At the end of the opening paragraph of this article about Zeus and the innumerable cults, festivals, games, shrines, and observances in honor of him, and about the totemistic tribes and peoples, it was stated that the latter may more than once have developed finally not into Zeus-worship but into Ancient Mysteries. The tribe as a "cult" would thus be enumerated among the origins of the Mysteries. There were other and dissimilar origins, because once grant the single and central fact that man and not a god was in the middle of a Mystery Cult, one of them might have originated out of anything—from the lengthening and increasing fame of one man, of whom Orpheus is the great example (Euhemerus attempted to explain every cult and mystery as having thus been originated); or from a long-continued custom; or around some imported foreign cult; or out of some such private school or movement as the cult established by Pythagoras; or on the basis of some art. As there was no the religion, no the Mystery Cult, so was there no the origin of Mystery Cults. To a Greek (or, in a lesser degree, any other Ancient man) nothing lay farther outside the range of his thought than the above-discussed doctrine that one, and only one, religion can be "true"; nowhere in his mind could he find a thought to serve him as the means to think such an idea, even as a theory. Yet by complete contrast the idea that one. and only one, religion can be "true" is so firmly rooted in our own Modern minds that we can nowhere find a thought to serve us as a means to adopt the Greek idea even as a theory. 'This is a dilemma; at least it is an impasse; unless it can be eleared there is no possible meeting of our minds with the Ancient Greek mind. "What of it," a Modern man may retort: "it is at best nothing more than a matter of theories." But it isn't! And it isn't, at least here and now, because unless this dilemma is resolved we must abandon any hope of understanding either the Ancient public cults of religion or the Ancient Mysteries. The solution is found in a Greek term which the Greeks themselves used, and apparently always used, to describe their ceremonies, rites, and observances of religion; this was dromenon. It meant "things done," with emphasis on the doing of them. To them religious rites were dromena. But a modern man almost never thinks of using the verb "to do" in any of its forms when describing his own religion, but almost invariably describes it as something "believed,)' or as "faith;" he insists that his religion shall be true in the full sense of "true" because he requires of it that it shall truthfully give him the facts about his own soul, his world, about death, and about God. A Christian can engage in worship in its almost absolute form, almost without moving; the Mystics, who have been the absolute worshippers in this sense, have been the first to call for private, motionless meditation, contemplation, silent prayer. A Modern American can observe for himself a form of religion in which dromenon still is the central core, if on any August 4th he goes to watch the Annual Corn Dance in the Pueblo of Santo Domingo, New Mexico. Throughout the whole of one day some 400 men and women of that very old Pueblo enact in their largest plaza a set of ceremonies which they have preserved for many centuries almost unchanged. The men are nude, except for a kilt and soft deer-skin shoes; they are painted, have turquolse and silver necklaces, armlets, and bracelets; carry a gourd rattle in one hand, and a handful of evergreen in the other. At one side is a chorus like a Greek chorus, composed mostly of the older men, who chant ancient songs around their great tombes (drums). White people call the continuous and tireless ceremony a "dance;" but it is not a dance; it is dromenon in the Greek sense. The Pueblo people are themselves very clear about what they are doing. Far under the earth is shipapu, the Underworld. Strom it all Indian peoples came in the first place, climbing out to the Upperworld; when a Pueblo Indian dies he returns to it, and the funeral ceremonies are to guide him in his four-day journey to its entranee. In this Underworld there abide forever a number of katcinas, a word for which we have no translation, not even a remote one, because the katcinas are not gods, goddesses, souls, demons, spirits, or "elemental or any such thing. Each of them has its own place in shipapu; it must be very large; and in shape they differ as much as an eagle differs from a serpent. It is some one of these katcinas which of itself is responsible for the existence and the activity in the Upperworld of some one kind of thing—the birth of children, rivers, growing of corn, a rain, the winds, remedies for diseases, etc.. etc. But while each of the katcinas thus acts as if it were a god to some department or sphere of things it can be set in motion by men if they know the exact ceremony to use, because it is the purpose of ceremonies to effect, or move, or affect a katcina. The Corn Dance of August 4th is therefore not a dance, but is a series of dromena, of "doings," of means the secrets of which are in the custody of the Caciques which men possess to put the katcinas into operation for their own purposes. Ceremonies, rites, observances in the larger part of the Ancient World were just such ways and means to control, or direct, or make use of those supernatural forces or beings which were to them what katcinas are to the Pueblo (and almost all other) Indians. It is not faith, belief, or worship "but a way of getting things done." The wheat farmer at Eleusis used dromena not for worship but as one of the practical arts of his agriculture, to make soil rich, to make rain fall, to make the seeds fertile, and to protect the growing grain against insects, drouths, and wind storms. Whenever any man discovered aIly Secret, word, incantation, spell, ceremony which he believed could accomplish such purposes it was used, just as farmers will use many different implements, fertilizers, and tools for a similar purpose; and just as it would occur to no farmer that it was necessary for others to use exactly the same plow as himself, so it did not occur to any Ancient Man that every other man should use the same dromenon. "Religions" of a hundred sorts could therefore flourish side by side. If these differences between what Ancient religions consisted of and what our own consists of are one way by which we can have a meeting of our own minds with the minds of Ancient men, that meeting can be made complete if we go on to see that they had many gods, goddesses, etc. with inconsistencies and selfcontradiction among them, because the things which were meant by the gods were themselves disparate and unconnected with each other. This fact can be described by the formula: there is remind" outside of man. By this is meant the fact that outside of us many things are, or exist, or are in being, or are born, or live, or happen which if we ourselves were to do the same things would require us to think, reason, understand, plan, have emotion and feeling, and go according to purposes. A snow-flake has a pattern; if we produce a pattern we must design it. A beaver builds a home, ants construct a city, and bees build a eomb of geometric and engineering perfection; if we build and construct we must use plans and models. Animals have families, live in clans and tribes, go in schools and flocks and bevies, have regular meeting-places, travel in fixed routes, have communities and residences, etc.; among us, comparable things are possible only by organization and social institutions. Earth itself as one thing among many is not a chaos and never was, and it gave Ancient men the impression of one Great Being, with a life of its own, because it had fixed seasons, dav and night, and out of it came plants in a regular order, and in it were countless things which were as delicately patterned and designed as a piece of lace; and the ocean appeared to breathe and to have emotion. There were also in that outside world activities which in behavior had the appearance of men's behavior, and therefore Ancient men described them in the same terms as their own behavior; the wind "breathed," stones "slept," plants and animals "fought" with drouth, night "swallowed" the sun, and in his own experiences with these outside events an Ancient man felt that he was at grips with a "something" very like himself, which vv as opposed to him, or was vis a vis with him; it acted as if it were a man itself. Of such facts or materials were the gods, heroes, monsters, and supernatural machinery made; so that in essence and in the long run a god was descriptive, was a setting or imaging forth of something which actually existed or occurred, and it is because of this that for us long afterwards the gods continue to be so inexhaustible and vital in literature, painting, music, and dancing. If the Ancient stories and forms of Venus, and of the many Venuses, could be collected, and could be logically arranged, they would present a not incomplete picture of love, as would any of the other Greater Gods for other things. Since these things which exist, or live, or occur in the outer world appeared to Ancient men to be somewhat unlike men and women and yet very like men and women it is plain that the gods are tantalizing to the thinking mind because they are never one thing or another; it is also clear why among Ancient men there were so many instances of what modern technical jargon has described as anthropomorphism, animism, transmigration, theanthropy, supernaturalism, superstition, etc., etc.; finally, it also is plain that the mindlike, or man-like, things and events in the outer world were separate from each other, and independent of each other, because in plain observation they do occur separately. If a wind was a messenger which brought a whisper of knowledge to the Oaks at Dodona, that wind had no connection with Poseidon while the latter was heaving a stormy tide off the Pireus; if Sabazius drew the seasons along behind him, he was not associated with the Demeter who ripened the corn. our own many thoughts, ideas, reasonings, and meanderings occur in one mind; Ancient men could see no one mind everywhere outside them, but saw many "minds." They did not take events, things and occurrences to be particular patterns in a single web, but as disparate, independent, unconnected; and since what they took the realities to be outside them was thus an unorganized indefinite number of separate and unlike things, their religious cults and their Mysteries also were filled with independent and unconnected and often antagonistic gods, goddesses, etc.; and in consequence the dromenon in one Cult or Mystery was wholly unlike the dromenon in another; and one of them might even make war on the other. If these facts are themselves partly an explanation of the number of differences among the Ancient Mysteries, they also bring into focus the point of greatest difference between Ancient men and ourselves, because for us there is Matter, everywhere the same: Life, with its own universal ways; Being always composed of the same things by which men can continue to be; the mind everywhere the mind; one world; one God. This discovery that there is but one world (or cosmos, or universe) and that everywhere and in spite of their differences the arts and sciences, religion, philosophy, mathematics, etc., are one, is that which brought the Modern Age into existence, and separated it off from the Middle Ages; and it means that it is not time which separates us from the Ancient Age as much as it is this fundamental difference in thought which extends to the bottom of things. Ancient men said: "There are countless numbers of things, scareelv any two alike." Modern man says: "There is but One, and that One is everywhere." If Ancient public religious cults and the Mysteries differed radically from each other because of the reasons thus given, one more question remains to be answered before the meeting of our minds with the minds of Ancient men can be complete. If the Mytery Cults differed so much from each other why were they nevertheless collectively called by the same name? Wherein, amid the many points of difference was the one identity? When Christianity came it brought its discovery that any man, regardless of who or what he is, "means much to God." It was said in other paragraphs that the Mysteries themselves ads proached closely to this truth because in them also a man, and not something natural or anything supernatural, was in the middle of them. The public religious cults were for sake of the gods. The Mystery Cults were for the sake of men. At that point they were alike. Here again we meet with the abysmic dishotomy which separates Ancient men from Modern men; for Ancient men were no more able to think of the welter of unlike peoples and tribes as belonging to one Mankind than they were of thinking that the welter of unlike things and events belonged to one World. Any Ancient Egyptian people considered themselves to be men and women, but the Abyssinians on the one side and the Arabs on the other they took to be "somthings" (though man-like), belonging to other "species." To the Ancient Hebrew, Jehovah was his God, and also his God, he and his were men and women, they were people; but non-Hebrews were "others" were "outsiders," were in some sense "non." When Marco Polo first went into Chin, the northerly of the Chinese lands, it took him months to convince others that he also was a man; the Chin people had a name for themselves which meant "man;" others, "the beyond-sea somethings," were not men. The Greeks themselves were men and women; others were barbaroi—a "they knew not what." The Latin root gen, which in one form or another meant man, was always in one way or another the Roman's name for themselves. The Navajo Indians similarly call themselves dings, which means man; they do not even ask themselves what other "beings" are (whites, and other Indians) because they are nothing but unknown "somethings. " Thus when Christianity arrived with its discovery that "a man, any man, means much to God" the first Christians themselves found it difficult to decide what or who was to be included under the word "man." Were the cannibalistic Ethiopians? Were the Antipodeans? That question was so difficult to answer, after the thousands of years when nobody anywhere had an inkling of Man, that even as late as the Nine teenth Century civilized Englishmen were still praeticing slavery, and here in the democratic United States many men as late as 1865 A.D. were stilt refusing to accept a Negro into the Family of Man, and bought and sold Negro men, women, and children like cows and horses; and clerical slave-owners justified themselves as against the Gospels by their formula: 'A man means much to God, but a Negro is not man." The Civil war decided against them, but it took a war to decide! It was almost impossible for any Ancient people to believe that Whites, Yellows, and Blacks belonged to one Mankind, still less that thousands of tribes and clans could. The discovery that there is but man, that the White, Yellow, and Black races, though races, are still races of one man; and that in their nature, their anatomy-as-a-whole, men everywhere in the world are one family, was as slow to discover, as difficult, as resistant to what appeared to be daily experience and common knowledge, as was the discovery that there is but one World. Christianity reached that fact through religion; the Ancient Mysteries reached it through the humbles commonplace, every-day associating of many different sorts of men—or, if they did not fully reach it, came close to it, and helped pave the way to it. It was this which they had in common; and, again, and to repeat what is said elsewhere, it is this which gives them their analogy to Freemasonry, and has preserved a "mystic" (though not historical) tie between them and our Fraternity. . But in spite of the jungle-like growth and diversity of Mystery Cults great and small (both in Greece and elsewhere) a principle was at work in and through them which has been insufficiently noted, and certainly it has been insufficiently studied, which is one of the most over-topping of the major principles in the history of culture everywhere in the world, and as important in culture as gravity is in physics. This is the principle which in the history of Freemasonry is described as the Transition from the Operative to the Speculative. It would appear to some of us that the time has come, for in data now at hand the evidence is ripe, for a scholar of prime repute to write a great book about that principle, for it is unquestionably a law of the history of culture, and without it much in that history will evermore continue to be dark, confused, unintelligible. In the history of Freemasonry it is this principle which binds together into a single unity the great (and otherwise unconnected) periods of Masonic history, the Operative, the Transition, and the Speculative. Any Freemason reading these statements may be understandably reluctant to have the writer make such claims for what he (the Freemason) has always taken to be a fact in Masonic history but not of importance elsewhere; he is naturally tempted to fear that the writer is permitting himself to be carried away by an enthusiasm for Freemasonry into snaking what might appear to anybody to be an exaggerated claim for something peculiar to Freemasonry, and varied never before has been exalted into a major principle of history, valid throughout the world, and throughout all time. Those fears can be allayed by a more precise formulation of the argument: 1. the argurnent is not that a purely Masonic principle is to be generalized into a law of culture; 2. the argument is that the principle of "Transition from Operative to Speculative" is a universal principle already, and was true and in operation everywhere before Freemasonry began; and 3. that the appearance of it in that special chapter in culture which is called the history of Freemasonry is but one of a hundred instances of it. It is only because the principle is valid everywhere that it is valid in Freemasonry. (In reality it is the solution of the "problem" of Masonic history.) We modern men, and we modern American men in particular, have fallen into the habit of assuming that if we learn anything (of any size or moment) we must learn it from being told about it, or learn it from reading about it. (We have formed that habit from our public schools and from reading newspapers.) But that is not true. one of the most necessary and one of the largest sources in which we find whole bodies of knowledge is works. "Work, and thou shalt know" is as true a saying as "Go to school, and thou shalt know." nothing is more impossible, and it is tempting to say more absurdly impossible, than the current notion that work consists of nothing but the use of the hands and of tools. In work, within work, out of work, while at work, not only is the whole man engaged but the whole man is engaged in one of the forms of work, and engaged with one of the kinds of material in which are many sorts of things belonging to soil, animals, plants, etc., etc.; it is impossible for a man to continue year after year engaged in work without learning from it (or in it) a world of facts about himself, about every possible kind of material, every conceivable process or tool, about the world, and about other men—except he is a worker nobody can be an educated man even in the loosest academic sense of "education." And it has been in work, and almost never in schools and books, that the discoveries have been made in the arts, to say nothing of the discovery of the arts themselves. Thousands of attempts have been made to trace the origin of the few major arts and sciences, and the hundreds of the smaller arts and sciences, and also mathematics, to some famous man, like Pythagoras, or to some famous school, like Aristotle's; each and every one of those attempts has failed because no one of the arts and sciences or the branches of mathematics has ever been invented by one man, but each one was found out, and patiently pieced together detail by detail until perfection was reached, by generations of men, in a number of countries, while at work. When at work the Ancient Egyptian (more than 95% of them) tilled small fields, diked the river, made and kept clear a net-work of small irrigation ditches, erected water-wheels, constructed flumes, computed the times and amounts of the Nile flood, calculated the cubic footage of irrigation waters, set up landmarks, and had many of those things to do over again each year after the flood subsided, among the things they were thus doing were to measure, to calculate to compute, not as something intellectual, separate, or abstract, but as a necessary part of the work. For convenience they worked out various tables and formulas for calculation, which a mxn leamed by Hera 'rhis mathematics in their work was only a part of the work, but it was as much a part of it as spading or dike making. If they computed an area, it was the area of a field; if they calculated a volume, it was a volume of water; and they were not interested in points, lines, angles, areas, etc., for any other purpose. This was Operative Geometry, and until the Greeks came into Egypt it was the only geometry they had. "Speculative" geometry (pure, abstract) came when the Greeks, and by much thinking, began to see that lengths, areas, volumes can be computed without the computor's knowing the lengths, areas, volumes of what. Two and two are four, two apples, two stones, two men, two rivers, etc. Egyptian operative geometry would have always been limited to the few practical uses of farming; "speculative" geometry was universal and practicable anywhere by anybody for anything; even a philosopher could use it, and Plato said that "God geometrizes"—as Speculative Masons later were to say, "God builds." In the same sense in which he thus had measuring, calculating, computing in his daily work, the same Egyptian had himself, other men, a way of working together, of being in association, of co-operating, a deal of fellowship in its form of singing and conversing, accidents and others gathering about the the victim to give him relief, of boys being taught, of old men slowing up the work and calling for patience and consideration; and that which they produced by their work was food, and clothing, and houses, and medicine for their families as well as for themselves. About these things the Egyptian worker thought much, felt much, for them he had much emotion, and oftentimes he would add something about them to the general stock of sayings, mottoes, adages, observances, ceremonies belonging to the community. The whole body of these latter belonged to him as an Egyptian, as an Egyptian farmer, and as living in some particular community. Later, these merely local and temporary and agricultural elements were caught up into a larger synthsis, the whole of it was universalized, and given a form in which men of other peoples and of any art or trade could use it. This universalizing of a fellowship and fraternity which had for generations been confined to men of one people and one trade resulted in the growth and formation of the Egyptian Mystery Cults. There was thus a movement in Egyptian cultural history which began as a body of "operative" practices and then went on through a transition period to become at the last a set of "speculative" fraternities; and that in these latter which was true for non Egyptian and non-farmer continued to be true (the fact is often overlooked) for the Egyptians and farmers (as Speculative Freemasonry now continues to be as true for operative architects and builders as ever it was). There are modern American towns, townships, counties which correspond to Ancient Egyptian areas or communities of a like kind, but it is impossible for an American community to develop into a Mystery Cult, or anything similar to one, and in no matter how many generations of time, because the American community or area is too fluid.. Families continue to move in and out; any man can go where or when he pleases, or come; if two men cannot get along together they merely cease to see each other; if a man cannot endure the group of workmen he begins to work with he quits and hunts up a different group; and if a group finds one workman recalcitrant he is excluded ("fired"). A man born into an Egyptian community remained in it (with few exceptions, and most of them in a few cities) as long as he lived; he had to find a way to associate peaceably with others because he could not go away from them, nor they from him; he and his family were rooted in the same spot, and the community itself also was rooted because it lay within fixed boundaries. Such a community became a unit and this unit came in time to have a "life" of its own and when it did it might become a Mystery Cult. In this Cult there were meeting rooms, assemblies and the other means and ways of fellowship with which Freemasons are familiar. Freemasons need not have any difficulty in understanding the rites, sym bols, and ceremonies they used (each one a crystal lization out of some old custom or tradition or practice) though they had a form so unlike anything we see in America. Their Ra was very much what our T.S.G.A.O.T.U. is to us; their Horus was little more than our Candidate; their Nile-in-Heaven was analagous to our Grand Lodge Above; their ceremony of a Judgment Day was in principle our Obligation; if thev represented ideas and truths by crocodiles, cats, ibises, hawk-headed men, etc., no one of them is more extraordinary than our custom of representing T.S. G.A.O.T.U. by a triangle, with a blazing sun in it. What for centuries had been "operative" in an Egyptian community (and in a very striking parallel with our Operative Freemasons' Community) became in time "speculative," and a number of Egyptian Mystery Cults were this "speculative" form. And, to ret peat what has already been said, if Freemasonry from 1000 A.D. or 1100 A.D. to the present has very striking analogies with Egyptian Ancient Mysteries (as well as with many others) it is not because one of those Mysteries was preserved, still less that it "effused" Freemasonly; the latter came into existence by virtue of the same cultural law of "from Operative to Speculative" as the former, and it is because they are two instances of that same law that they are in fundamental points so much alike. There would be Freemasonry if there had been no Egyptian Mystery Cults, there could have been Mystery Cults without any Freemasonry coming afterwards, but always there has been in operation the law of the Transition from Operative to Speculative and as a result always there will be fraternities, fellowships, etc., as well as arts and sciences.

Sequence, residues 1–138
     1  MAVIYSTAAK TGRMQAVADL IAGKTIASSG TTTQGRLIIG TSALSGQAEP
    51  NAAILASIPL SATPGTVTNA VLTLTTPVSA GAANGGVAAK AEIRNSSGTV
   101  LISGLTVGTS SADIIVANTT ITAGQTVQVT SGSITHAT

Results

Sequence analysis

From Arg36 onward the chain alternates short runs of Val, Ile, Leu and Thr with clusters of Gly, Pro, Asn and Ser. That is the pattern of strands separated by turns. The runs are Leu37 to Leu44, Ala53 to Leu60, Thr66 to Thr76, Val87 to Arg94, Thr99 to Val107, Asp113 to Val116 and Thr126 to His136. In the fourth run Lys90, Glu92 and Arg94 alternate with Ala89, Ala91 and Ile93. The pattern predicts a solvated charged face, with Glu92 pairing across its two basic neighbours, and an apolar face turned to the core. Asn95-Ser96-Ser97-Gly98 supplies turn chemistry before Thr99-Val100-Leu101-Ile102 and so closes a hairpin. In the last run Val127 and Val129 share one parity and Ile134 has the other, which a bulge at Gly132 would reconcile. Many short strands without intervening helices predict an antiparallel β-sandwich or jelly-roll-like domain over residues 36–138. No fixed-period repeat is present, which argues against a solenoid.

The Mystery Cult in which Mithra was to its ritual what HA.-. is to ours was the oldest, the most interesting and became the most powerful of any. Each attempt to trace its history leads the researcher farther and farther back until he reaches a period before the Sanskrit-speaking peoples of Mesopotamia had divided. leaving one branch to go into India, the other to move westward into Europe. But it is not possible that an organized cult should have as long a history- a truer aeeount would be to say that when the cult was organized it made use of much which was very old. According to its symbolism the Sun (Ormazda) had a Son named Mithra, who represented that "young" light which comes into the sky before the sun rises. This young Hero God came into the world to make war on evil- evil was represented by a bull; the scene in which he stew the bull was called the taurobolium- after that victory he returned to sit in the presence of his Father, and from there commanded his legion of loyal soldiers on the earth. There are no written books for the early period of the Cult but a mass of internal evidence shows that in its "operative" period it began in the acts and practices of soldiers, as Knightly Chivalry (and Masonic Templarism) was to merge out of the acts and practices of Medieval soldiers 2000 years later. These soldiers drilled; went on campaigns in companies, were under a commanding officer; ate together and lived in barracks; and because of this work in common they came to have a body of social practices, moral standards, religious ideals, and comradeship; it was this latter which gradually svas released from soldiering (operative) and became the Mystery of Mithra. That Mystery was a fraternity built on comradeship; as ours is a fraternity built on a skilled craft; where ours is a Lodge of workmen, their Mithreum vras a company. The first mithrea were established in Persia, and their hallmark (like our square and compasses) was a picture or a sculptured bas-relief showing the young and soldierly Mithra stabbing the recumbent bull—it is doubtful if in the whole history of the world any one picture has been seen by as many men, meant so much to them, or played as large a part in history itself, it is one of the supremely great picture compositions. When mithrea were established in Phrygia its members there altered the picture by putting a Phrygian cap on the Hero's head. Later. at about 100 B.C., after mithrea were established in Greece, Greek artists and sculptors gave the composition its final perfection why it is not as famous a masterpiece of art as the Temple of Diana or the statue of Aphrodite it is difficult to explain; it ought to be. From Greece mithrea were carried over into Italy (which was one-fourth Greek at the time), and there the Mystery (like Freemasonry in the nineteenth Century) began suddenly to grow, and hundreds of thousands of men, most of them soldiers, sailors, and travelers, crowded into it. There are ruins of mithrea over the whole Mediterranean world and from Ireland to the Danube, as from the Baltie to Egypt. A number of the Roman emperors were members; it was so powerful that it, and not popular paganism, was the great obstruction in the path of Christianity; and it eame so near to being adopted officially by the Empire that the poet-theologian Renan (with pardonable exaggeration) said that at one time the flick of an Emperor's wrist might have predestined us all to be Mithraists. It could never have become a universal religion because it was not a religion; it did, however, become for two centuries the underlying framework which gave the many Roman Imperialisms their unity. As a Lodge is both the Masons who compose it and the room or building in which they meett so a mithreum waa both the temple and the members. The temple was built half underground. It had a lodge room, large and tiled, with benches on the side, and stations for officers.. Members were divided into seven grades. They were admitted after having proved to be qualified, and as candidates they were conducted through a series of initiations. The climax was the taurobolium, in which the candidate stood under a grating, on which Mithra's slaying of the bull was literally enacted, its blood pouring down through the grating upon the candidate. A part of the "legend" was that after a "soldier" died he appeared before Mithra who was his judge as well as his commander; if he had been loyal (to "Mithra, god of soldiers") he was promoted to an everlasting heaven; if disloyal, he was demoted into an everlasting hell. The officers of the mithreum (sometimes called "priests") enforced a set of rules and regulations; they had a eanon of writings (like our Standard Work); a Secretary kept the records; there was a box for charity; the mithreum conducted burial services upon request; and a member had modes of recognition to identify himself to fellow members wherever he might go. (Many thousands of .Mithraic inscriptions have been found.) Its breaking up and its casing were stretched over a period of time, and came for many reasons, among them the decay of the Empire, the demoralization of the army, the attack on it by Christianity. When it passed away it passed so completely that for centuries almost every trace of it was lost until in the past century areheelogists began to excavate ruins of the mithrea. There is nowhere any evidence of any connection historically between it and Freemasonry.